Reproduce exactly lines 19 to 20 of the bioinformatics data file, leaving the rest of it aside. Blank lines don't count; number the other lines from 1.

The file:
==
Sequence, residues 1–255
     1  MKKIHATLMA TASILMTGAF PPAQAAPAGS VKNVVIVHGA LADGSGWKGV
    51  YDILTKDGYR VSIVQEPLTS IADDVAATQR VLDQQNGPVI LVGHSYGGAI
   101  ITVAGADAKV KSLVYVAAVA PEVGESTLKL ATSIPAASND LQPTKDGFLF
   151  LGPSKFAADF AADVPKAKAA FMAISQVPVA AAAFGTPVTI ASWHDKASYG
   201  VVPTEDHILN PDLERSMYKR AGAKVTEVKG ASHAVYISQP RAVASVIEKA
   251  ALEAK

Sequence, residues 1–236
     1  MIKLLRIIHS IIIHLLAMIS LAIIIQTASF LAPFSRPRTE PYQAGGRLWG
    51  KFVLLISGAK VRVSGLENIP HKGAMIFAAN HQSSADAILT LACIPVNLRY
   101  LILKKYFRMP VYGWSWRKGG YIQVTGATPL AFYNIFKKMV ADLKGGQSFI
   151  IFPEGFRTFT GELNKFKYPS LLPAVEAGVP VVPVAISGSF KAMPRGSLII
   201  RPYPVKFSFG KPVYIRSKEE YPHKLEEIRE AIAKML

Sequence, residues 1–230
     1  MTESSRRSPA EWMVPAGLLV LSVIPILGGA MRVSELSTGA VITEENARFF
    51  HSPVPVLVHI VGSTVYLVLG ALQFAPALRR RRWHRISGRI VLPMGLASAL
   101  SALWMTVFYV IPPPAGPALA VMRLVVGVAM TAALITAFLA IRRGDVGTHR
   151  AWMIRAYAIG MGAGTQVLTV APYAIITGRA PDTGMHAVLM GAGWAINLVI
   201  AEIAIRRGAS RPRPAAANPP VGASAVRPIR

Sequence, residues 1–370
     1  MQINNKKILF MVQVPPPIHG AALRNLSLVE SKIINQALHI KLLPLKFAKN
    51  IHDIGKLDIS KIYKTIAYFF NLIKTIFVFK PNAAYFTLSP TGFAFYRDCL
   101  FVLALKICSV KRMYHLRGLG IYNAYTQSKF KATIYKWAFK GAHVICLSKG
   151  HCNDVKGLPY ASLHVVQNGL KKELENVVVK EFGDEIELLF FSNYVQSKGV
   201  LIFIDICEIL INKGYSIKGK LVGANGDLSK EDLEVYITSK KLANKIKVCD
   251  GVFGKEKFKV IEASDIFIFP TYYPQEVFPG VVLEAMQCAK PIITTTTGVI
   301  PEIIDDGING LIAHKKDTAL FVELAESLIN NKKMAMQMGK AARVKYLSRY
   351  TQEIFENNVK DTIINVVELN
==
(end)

   201  AEIAIRRGAS RPRPAAANPP VGASAVRPIR

Sequence, residues 1–370